Identifier

UA 6.13

Dates

1976-2006

Extent

0.42 linear feet (1 document case)

Abstract

The Department of Geography cultivates an understanding of the Earth and its human and natural systems through quality educational experiences, research, and service to inspire citizens to better understand, adapt, and contribute to a changing world. The collection is composed of programs, pamphlets, correspondence, clippings, booklets, and program reviews.

Historical Note

Geography was one of the first courses taught when South Dakota State University was founded in 1881. While geography classes were offered from time to time in various departments, no major development of a program occurred until 1966-67, when a bachelor's degree in geography was approved. In the fall of 1968, the Department of History and Geography was formed. By 1971, the geography program had grown substantially. Enrollment growths necessitated the addition of more faculty members. By 1973, a separate Department of Geography was established and in 1974, the offering of the Master of Science degree in Geography was approved.

The geography curriculum today teaches students to describe, relate and explain natural and cultural phenomena, which distinguish places around the world. Courses are offered in technical geography-science and environmental planning and management.

Content Notes

Composed of materials related to the Geography Department. Folders consist of programs, pamphlets, correspondence, clippings, booklets and program reviews. Also included is a booklet on graduate study in geography, and a list of house types in Brookings, SD.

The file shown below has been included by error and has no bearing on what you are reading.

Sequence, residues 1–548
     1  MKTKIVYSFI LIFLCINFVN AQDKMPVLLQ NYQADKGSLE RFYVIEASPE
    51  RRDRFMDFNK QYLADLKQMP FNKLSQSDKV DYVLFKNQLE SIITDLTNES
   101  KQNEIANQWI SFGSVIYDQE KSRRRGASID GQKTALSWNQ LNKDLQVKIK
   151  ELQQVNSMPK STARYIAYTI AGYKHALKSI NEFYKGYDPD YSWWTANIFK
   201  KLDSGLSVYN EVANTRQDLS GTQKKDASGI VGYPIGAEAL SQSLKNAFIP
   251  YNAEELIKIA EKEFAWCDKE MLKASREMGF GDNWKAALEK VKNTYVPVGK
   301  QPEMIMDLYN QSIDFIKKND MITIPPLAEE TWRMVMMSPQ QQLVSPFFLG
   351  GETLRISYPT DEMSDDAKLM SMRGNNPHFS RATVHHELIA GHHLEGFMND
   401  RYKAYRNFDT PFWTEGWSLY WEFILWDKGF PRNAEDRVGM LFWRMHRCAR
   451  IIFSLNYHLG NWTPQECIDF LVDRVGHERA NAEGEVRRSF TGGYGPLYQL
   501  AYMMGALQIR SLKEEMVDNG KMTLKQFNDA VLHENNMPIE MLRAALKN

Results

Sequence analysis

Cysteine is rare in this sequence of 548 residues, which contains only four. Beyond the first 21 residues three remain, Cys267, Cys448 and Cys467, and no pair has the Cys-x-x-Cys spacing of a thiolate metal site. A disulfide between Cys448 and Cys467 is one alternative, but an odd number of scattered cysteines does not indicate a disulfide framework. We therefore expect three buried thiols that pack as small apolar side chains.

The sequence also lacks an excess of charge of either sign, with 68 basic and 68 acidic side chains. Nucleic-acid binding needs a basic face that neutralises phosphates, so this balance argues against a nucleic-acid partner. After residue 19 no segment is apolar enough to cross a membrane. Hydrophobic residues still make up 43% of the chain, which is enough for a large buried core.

SDSU Archives and Special Collections

Follow this link for more information:

https://www.sdstate.edu/sdsu-archives-and-special-collections/university-archives

Language

English

Publisher

South Dakota State University Archives and Special Collections, Hilton M. Briggs Library, Brookings, South Dakota.

Rights

Copyright restrictions apply in different ways to different materials. Many of the documents and other historical materials in the Archives are in the public domain and may be reproduced and used in any way. There are other materials in the Archive carrying a copyright interest and must be used according to the provisions of Title 17 of the U.S. Code. The Archive issues a warning concerning copyright restrictions to every researcher who requests copies of documents. Although the copyright law is under constant redefinition in the courts, it is ultimately the responsibility of the researcher to properly use copyrighted material.

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